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Maybe sink is the wrong word; it feels more like rising. It has that kind of intensity. Is this a midlife crisis? Should I now take stock? Deal with my disappointed expectations? My thoughts race by, but I manage to grab them and take a look. I find they are coherent. I’m bonkers, but rational. I know what’s bothering me: my plan to die young hasn’t worked out. I wonder, what would I have done differently if I’d known I would live so long? What do I do now? My thoughts take on the structure of a song, a song with too many verses. But there’s a simple chorus, repeated over and over: it’s too late to die young.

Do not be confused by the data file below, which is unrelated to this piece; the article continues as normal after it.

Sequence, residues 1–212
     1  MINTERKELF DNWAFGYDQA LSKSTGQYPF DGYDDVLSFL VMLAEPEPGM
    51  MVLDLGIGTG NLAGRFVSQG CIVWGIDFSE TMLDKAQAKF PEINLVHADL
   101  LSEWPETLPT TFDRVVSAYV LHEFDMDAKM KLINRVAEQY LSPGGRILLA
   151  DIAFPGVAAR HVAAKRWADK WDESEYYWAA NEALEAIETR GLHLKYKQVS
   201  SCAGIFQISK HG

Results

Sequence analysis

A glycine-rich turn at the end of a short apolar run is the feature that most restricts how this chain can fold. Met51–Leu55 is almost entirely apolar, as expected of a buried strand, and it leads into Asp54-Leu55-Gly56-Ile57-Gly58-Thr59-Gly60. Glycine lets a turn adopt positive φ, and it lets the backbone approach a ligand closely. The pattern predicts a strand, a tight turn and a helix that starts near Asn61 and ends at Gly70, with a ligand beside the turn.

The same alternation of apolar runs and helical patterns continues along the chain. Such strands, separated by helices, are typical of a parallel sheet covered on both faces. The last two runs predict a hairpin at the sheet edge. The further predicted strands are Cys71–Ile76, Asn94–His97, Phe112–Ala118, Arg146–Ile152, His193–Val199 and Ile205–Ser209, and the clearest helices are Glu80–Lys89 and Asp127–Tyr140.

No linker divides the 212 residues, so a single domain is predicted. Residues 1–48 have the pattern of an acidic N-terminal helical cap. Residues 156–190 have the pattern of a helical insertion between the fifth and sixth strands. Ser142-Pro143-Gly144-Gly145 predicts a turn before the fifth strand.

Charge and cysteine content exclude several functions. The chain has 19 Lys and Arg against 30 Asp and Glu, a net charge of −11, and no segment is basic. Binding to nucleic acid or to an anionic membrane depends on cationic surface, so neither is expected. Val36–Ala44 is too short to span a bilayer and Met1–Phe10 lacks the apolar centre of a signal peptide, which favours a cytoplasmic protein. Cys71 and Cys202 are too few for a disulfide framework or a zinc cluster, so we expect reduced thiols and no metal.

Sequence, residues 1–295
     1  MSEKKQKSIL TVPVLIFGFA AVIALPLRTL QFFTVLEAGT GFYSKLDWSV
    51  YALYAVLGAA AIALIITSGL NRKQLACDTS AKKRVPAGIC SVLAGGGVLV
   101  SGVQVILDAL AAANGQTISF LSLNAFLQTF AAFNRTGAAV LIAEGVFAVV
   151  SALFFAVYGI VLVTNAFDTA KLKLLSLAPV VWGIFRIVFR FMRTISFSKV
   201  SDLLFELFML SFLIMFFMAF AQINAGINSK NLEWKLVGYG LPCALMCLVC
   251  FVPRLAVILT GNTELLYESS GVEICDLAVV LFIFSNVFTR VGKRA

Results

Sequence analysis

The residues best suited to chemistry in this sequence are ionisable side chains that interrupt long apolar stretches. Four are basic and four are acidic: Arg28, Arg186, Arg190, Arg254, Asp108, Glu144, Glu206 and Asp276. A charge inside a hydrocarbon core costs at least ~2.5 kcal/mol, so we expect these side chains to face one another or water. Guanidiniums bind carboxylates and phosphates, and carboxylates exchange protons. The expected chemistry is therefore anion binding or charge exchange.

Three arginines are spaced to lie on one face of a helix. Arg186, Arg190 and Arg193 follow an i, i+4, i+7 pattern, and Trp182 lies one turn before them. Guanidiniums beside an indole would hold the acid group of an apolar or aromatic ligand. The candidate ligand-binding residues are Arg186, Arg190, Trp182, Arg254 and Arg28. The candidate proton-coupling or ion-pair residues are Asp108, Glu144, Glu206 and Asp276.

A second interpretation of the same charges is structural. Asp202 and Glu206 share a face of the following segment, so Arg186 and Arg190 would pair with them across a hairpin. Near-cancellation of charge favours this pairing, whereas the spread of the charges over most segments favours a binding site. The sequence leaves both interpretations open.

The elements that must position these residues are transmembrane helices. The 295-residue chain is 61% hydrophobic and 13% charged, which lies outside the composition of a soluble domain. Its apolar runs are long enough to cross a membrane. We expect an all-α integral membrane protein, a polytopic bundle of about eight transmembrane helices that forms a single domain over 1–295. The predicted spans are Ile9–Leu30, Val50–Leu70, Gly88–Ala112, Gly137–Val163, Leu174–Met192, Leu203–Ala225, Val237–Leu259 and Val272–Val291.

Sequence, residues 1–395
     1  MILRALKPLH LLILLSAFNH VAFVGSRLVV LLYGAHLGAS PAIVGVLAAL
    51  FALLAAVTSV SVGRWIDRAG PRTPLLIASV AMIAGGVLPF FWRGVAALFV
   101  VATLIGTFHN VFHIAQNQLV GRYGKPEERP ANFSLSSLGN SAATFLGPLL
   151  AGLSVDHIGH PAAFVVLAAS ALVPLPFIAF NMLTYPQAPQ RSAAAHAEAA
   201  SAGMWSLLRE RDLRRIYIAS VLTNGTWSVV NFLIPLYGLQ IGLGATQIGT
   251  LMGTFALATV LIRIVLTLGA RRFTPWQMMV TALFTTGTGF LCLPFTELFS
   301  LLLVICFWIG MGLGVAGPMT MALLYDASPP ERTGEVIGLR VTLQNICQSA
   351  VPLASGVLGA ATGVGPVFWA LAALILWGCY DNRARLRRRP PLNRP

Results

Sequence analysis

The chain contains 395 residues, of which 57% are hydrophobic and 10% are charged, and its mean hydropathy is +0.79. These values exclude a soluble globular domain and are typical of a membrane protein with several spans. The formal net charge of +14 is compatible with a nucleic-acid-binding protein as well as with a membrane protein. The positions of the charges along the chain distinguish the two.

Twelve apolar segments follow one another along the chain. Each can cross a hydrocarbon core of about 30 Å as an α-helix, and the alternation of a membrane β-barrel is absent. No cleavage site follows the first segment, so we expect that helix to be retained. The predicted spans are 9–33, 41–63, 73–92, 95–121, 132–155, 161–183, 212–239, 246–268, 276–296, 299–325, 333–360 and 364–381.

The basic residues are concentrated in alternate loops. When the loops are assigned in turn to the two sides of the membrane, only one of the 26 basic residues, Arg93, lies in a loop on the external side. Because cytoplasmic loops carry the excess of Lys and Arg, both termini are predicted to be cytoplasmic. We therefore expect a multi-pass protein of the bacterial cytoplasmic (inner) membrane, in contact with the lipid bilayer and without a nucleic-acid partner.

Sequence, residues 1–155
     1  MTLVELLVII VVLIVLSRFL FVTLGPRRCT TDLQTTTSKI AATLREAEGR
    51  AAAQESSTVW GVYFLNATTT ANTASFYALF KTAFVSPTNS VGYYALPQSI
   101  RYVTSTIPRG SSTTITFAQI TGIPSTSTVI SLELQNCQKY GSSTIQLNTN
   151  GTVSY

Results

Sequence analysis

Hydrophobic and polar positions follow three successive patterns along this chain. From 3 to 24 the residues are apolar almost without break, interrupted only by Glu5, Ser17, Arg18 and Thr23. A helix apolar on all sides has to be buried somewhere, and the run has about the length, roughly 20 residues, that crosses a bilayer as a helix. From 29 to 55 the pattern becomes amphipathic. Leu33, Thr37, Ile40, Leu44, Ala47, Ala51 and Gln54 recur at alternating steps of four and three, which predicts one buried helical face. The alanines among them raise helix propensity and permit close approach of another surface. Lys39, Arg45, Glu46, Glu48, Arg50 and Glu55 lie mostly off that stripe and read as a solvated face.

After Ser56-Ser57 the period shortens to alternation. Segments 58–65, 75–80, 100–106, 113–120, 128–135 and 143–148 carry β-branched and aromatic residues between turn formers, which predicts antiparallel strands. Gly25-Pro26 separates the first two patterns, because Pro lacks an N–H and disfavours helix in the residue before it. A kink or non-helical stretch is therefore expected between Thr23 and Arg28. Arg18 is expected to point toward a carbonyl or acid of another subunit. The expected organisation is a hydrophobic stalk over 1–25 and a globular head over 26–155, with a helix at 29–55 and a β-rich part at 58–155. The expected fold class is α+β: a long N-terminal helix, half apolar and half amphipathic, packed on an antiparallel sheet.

The time comes and I tell them my neck is better. I go back to work and all of life’s routines, but some things have changed. I went in bed agnostic and came out atheist. When the next medical crisis comes, I find I can hear the death sentence without dread. The lessons of Little Billy and his toy soldiers, of Dracula and his bride have gone from my head to a deeper place. I have taken death into my heart.

I decide to talk about the coffin in the basement. As an experiment, I confide to two nondisabled woman friends that I am genuinely surprised to be alive at age thirty.

“I had no idea,” one says. “I’ve never thought of you that way.”

“Absolutely not,” the other agrees.

They refuse to believe I am under a death sentence. I am pleased my reticence has been so effective, but I also wonder if it will ever be possible to get real.